Top 10 Unintended Consequences of the French Revolution

If ever we needed a real-world example of the mythological Pandora’s box, the French Revolution would suffice. What began in the late eighteenth century in a united spirit of brotherhood and rooted in the principles of the Enlightenment quickly descended into utter chaos, taking thousands of lives with it and forever changing the course of Europe and the rest of the Western world.

As the 1789 revolution was only the first of several in France, it is difficult to evaluate it in isolation. There can be no doubt, however, that many of the events that followed it were not in line with the principles that had inspired it. From a complete breakdown of social order to the eventual restoration of the ancient royal line, here are 10 unintended consequences of the first French Revolution.

Related: 10 Lesser-Known Facts About Revolutionary-Era America

10 From Starvation to War

The years leading up to the revolution were not easy. Decades of fiscal mismanagement had caused an economic crisis. Recurrent bad harvests coupled with an increasing population also led to widespread hunger and discontentment among the lower classes. Many facets of French society were outright medieval, including some agricultural methods and the continuing existence of serfdom in practical terms.

Those were the issues that prompted the revolution, but it soon snowballed into one of the most cataclysmic dramas in European history. No sooner had the initial incursions been made than extremist factions took the reins and set the country literally on the warpath. By 1792, France had declared war on Austria, the birthplace of the French king’s wife, Marie Antoinette. For the lowliest of French citizens, who’d gone from no bread to no peace, this could hardly have been an improvement.[1]

9 Widespread Looting and General Disorder

Far from stabilizing the underlying tensions of the years leading up to it, the revolution quickly led to episodic breakdowns in law and order. As soon as one small step toward meaningful reform was taken, dissatisfaction quickly set in. France’s problems were far too complex to be swept away as easily as converting the absolute monarchy into a constitutional one, and patience was in short supply. Rioting, looting, and a general threat to the public order became commonplace.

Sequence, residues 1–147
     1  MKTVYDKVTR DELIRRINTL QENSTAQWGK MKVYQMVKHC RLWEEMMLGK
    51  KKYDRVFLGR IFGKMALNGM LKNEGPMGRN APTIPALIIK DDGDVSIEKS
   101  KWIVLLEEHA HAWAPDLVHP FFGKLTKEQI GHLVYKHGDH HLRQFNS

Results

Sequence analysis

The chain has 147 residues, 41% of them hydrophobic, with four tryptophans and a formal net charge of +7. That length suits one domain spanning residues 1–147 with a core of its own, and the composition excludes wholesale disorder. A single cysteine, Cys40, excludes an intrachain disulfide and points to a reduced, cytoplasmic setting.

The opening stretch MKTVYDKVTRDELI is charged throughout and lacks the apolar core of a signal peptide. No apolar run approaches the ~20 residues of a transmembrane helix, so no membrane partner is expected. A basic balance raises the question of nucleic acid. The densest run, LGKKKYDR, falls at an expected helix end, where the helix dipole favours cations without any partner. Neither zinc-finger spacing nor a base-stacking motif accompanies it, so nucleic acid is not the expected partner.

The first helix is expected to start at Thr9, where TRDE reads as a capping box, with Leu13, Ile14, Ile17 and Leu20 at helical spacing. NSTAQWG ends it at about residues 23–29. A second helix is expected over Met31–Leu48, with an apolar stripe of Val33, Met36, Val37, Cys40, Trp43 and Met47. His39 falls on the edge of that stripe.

In truth, the beginning stages of the revolution were dominated by moderate reforms compared to what came later. The men at the center of these changes were largely on the side of orderly progress and respect for the law. Unfortunately, steps like abolishing noble titles didn’t magically put bread on people’s tables. With the king no longer in control, the masses, who’d been promised change but had little to show for it, turned on authority in general.[2]

8 New Aristocracy of the Rich

As influenced as they were by Enlightenment principles, the revolutionary powers that be were willing to take their agenda only so far. Universal suffrage was out of the question. Basically, to have any say at all, you had to be a property-holding man who paid taxes. This was a voting bloc of some few million male citizens, compared to an overall population approaching 30 million.

This pool of male property-holders elected fellow tax-paying representatives to act on their behalf. It was these higher-taxed representatives who themselves elected the men who actually ended up in office. This created a system whereby men with money chose men with more money to put other men they trusted into government. The old aristocracy, of birth and privilege, was replaced with a new aristocracy of wealth and concentrated voting power. Dissatisfaction with this new system eventually provoked more radical action.[3]

7 Enduring Inequality of Women

Considering the pivotal role women played in the early days of the revolution, you’d think the movement’s leaders would have been more amenable to feminist causes. That certainly would’ve lined up philosophically with their dismantling of the feudal system and other structures of arbitrary privilege. Unfortunately, as far as women were concerned, pre- and post-revolutionary France were two heads of the same beast.

As their American counterparts had done, the French revolutionaries drew up a new constitution that provided equality for all men. In both cases, women were not even mentioned. Rightly incensed at having been left behind, in 1791, political activist Olympe de Gouges authored a woman-centered companion text to the famous “Declaration of the Rights of Man.” Not long after, Gouges became yet another casualty of the revolution.[4]

6 Disestablishment of the Church

Some of the revolutionaries’ early religious reforms were supported even by members of the Roman Catholic clergy in France, but these were soon overtaken by increasingly zealous changes. Within the space of a few months, the Church’s income was abolished and its lands forsaken, making it dependent on the state. In 1790, a glimpse of the radicalism that would soon consume France came in the form of the clerical oath. This was a requirement for all clergymen to swear allegiance to the new constitution.